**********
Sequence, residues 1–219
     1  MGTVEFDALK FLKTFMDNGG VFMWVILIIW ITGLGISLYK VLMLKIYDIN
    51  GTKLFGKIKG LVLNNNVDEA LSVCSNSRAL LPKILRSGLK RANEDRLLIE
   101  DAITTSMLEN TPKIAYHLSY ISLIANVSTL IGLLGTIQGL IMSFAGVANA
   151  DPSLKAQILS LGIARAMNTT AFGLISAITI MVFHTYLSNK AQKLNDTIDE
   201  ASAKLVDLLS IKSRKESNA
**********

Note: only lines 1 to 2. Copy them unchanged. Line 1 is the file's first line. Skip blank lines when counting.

Sequence, residues 1–219
     1  MGTVEFDALK FLKTFMDNGG VFMWVILIIW ITGLGISLYK VLMLKIYDIN